Abstract and Keywords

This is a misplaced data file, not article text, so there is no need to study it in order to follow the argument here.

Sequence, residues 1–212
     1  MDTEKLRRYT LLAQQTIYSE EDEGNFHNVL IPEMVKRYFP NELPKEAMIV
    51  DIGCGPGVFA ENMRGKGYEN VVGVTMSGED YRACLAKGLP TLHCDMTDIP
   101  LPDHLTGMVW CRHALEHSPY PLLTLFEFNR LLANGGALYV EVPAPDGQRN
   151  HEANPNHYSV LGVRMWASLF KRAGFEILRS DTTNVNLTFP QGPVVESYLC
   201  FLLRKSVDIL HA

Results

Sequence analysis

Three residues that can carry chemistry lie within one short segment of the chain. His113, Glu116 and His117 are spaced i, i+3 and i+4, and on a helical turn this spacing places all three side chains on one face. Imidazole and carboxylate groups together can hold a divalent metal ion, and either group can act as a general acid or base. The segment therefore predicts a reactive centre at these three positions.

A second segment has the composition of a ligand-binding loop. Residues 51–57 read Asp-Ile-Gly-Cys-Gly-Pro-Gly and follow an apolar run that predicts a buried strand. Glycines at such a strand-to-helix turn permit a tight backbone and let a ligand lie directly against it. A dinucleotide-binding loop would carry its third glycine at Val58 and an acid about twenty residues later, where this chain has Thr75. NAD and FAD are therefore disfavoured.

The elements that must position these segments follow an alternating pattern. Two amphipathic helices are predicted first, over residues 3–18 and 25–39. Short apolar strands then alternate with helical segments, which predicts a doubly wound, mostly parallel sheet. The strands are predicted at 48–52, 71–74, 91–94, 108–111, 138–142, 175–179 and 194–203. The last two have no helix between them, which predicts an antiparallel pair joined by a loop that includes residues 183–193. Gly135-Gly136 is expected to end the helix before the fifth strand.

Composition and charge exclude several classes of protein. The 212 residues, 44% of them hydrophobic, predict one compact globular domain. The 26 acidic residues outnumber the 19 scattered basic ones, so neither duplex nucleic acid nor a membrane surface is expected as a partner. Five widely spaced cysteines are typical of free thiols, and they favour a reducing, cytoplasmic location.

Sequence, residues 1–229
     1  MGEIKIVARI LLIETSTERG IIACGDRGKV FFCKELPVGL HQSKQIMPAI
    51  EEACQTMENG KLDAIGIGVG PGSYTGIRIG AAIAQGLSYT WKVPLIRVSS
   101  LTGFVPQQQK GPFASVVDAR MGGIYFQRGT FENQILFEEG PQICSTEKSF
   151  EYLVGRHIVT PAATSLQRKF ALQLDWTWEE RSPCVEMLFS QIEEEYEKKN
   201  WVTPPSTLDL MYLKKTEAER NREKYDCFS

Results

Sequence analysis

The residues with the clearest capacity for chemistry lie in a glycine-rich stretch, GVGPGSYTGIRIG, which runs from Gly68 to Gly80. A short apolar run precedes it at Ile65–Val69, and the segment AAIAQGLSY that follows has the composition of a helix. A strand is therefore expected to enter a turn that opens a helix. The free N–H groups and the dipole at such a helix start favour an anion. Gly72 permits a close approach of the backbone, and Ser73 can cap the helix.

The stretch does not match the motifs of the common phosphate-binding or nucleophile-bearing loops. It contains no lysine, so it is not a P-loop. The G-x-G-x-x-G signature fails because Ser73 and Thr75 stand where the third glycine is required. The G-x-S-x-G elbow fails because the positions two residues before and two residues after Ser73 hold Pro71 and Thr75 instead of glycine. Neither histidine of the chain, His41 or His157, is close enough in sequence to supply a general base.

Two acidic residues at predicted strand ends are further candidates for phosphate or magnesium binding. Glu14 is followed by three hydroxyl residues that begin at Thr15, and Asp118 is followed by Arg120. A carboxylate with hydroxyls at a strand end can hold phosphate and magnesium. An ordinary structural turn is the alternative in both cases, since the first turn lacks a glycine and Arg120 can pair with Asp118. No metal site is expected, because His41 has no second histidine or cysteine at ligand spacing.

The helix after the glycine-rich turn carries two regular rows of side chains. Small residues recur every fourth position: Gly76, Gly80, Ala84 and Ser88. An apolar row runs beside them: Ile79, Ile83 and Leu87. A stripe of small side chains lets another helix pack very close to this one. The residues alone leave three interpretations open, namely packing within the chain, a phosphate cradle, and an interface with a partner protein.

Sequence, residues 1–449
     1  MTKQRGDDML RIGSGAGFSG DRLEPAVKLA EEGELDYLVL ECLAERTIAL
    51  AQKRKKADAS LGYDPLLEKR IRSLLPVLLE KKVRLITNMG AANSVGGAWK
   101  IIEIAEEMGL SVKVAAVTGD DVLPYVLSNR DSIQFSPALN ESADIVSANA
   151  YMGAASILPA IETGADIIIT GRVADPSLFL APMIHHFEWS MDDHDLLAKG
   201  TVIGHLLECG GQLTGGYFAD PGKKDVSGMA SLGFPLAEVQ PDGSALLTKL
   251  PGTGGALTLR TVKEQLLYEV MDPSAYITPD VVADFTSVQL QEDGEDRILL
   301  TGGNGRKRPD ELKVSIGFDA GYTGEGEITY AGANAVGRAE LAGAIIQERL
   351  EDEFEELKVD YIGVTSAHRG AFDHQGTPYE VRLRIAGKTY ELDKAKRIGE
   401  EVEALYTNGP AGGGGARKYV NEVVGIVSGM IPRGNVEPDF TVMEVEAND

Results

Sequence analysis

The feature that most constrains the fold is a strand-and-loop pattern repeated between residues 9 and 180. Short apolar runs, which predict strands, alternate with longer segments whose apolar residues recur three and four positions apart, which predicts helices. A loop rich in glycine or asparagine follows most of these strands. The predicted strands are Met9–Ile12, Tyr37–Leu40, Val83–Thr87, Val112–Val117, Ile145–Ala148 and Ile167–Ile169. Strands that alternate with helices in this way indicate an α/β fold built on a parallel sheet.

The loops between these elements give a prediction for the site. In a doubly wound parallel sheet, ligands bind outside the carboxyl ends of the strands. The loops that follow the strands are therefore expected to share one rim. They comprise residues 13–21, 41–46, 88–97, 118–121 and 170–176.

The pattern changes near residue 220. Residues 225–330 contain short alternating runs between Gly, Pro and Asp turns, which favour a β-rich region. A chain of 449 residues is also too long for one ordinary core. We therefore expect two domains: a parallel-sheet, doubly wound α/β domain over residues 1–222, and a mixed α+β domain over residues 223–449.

Academic research on asset allocation has had a strong influence on the investment policies of large institutional investors, particularly endowments and pension funds. This article summarizes recent research on asset allocation and discusses its implications for the management of pension plans. The first part asks a basic question about pension investing: who controls the asset-allocation decision? One view is that the asset-allocation decision for a pension fund is made by those responsible for funding the plan liabilities (‘plan sponsors’), or agents acting on their behalf. An alternative view is that the decision is made by the beneficiaries of the plan, or fiduciaries acting on their behalf. In defined-contribution (DC) pension plans, there is no conflict between these two views because the same individuals are plan sponsors and beneficiaries. In defined- benefit (DB) pension plans, however, plan sponsors are the shareholders of corporations (in corporate plans) and taxpayers (in public plans), while the beneficiaries of the plan are employees.
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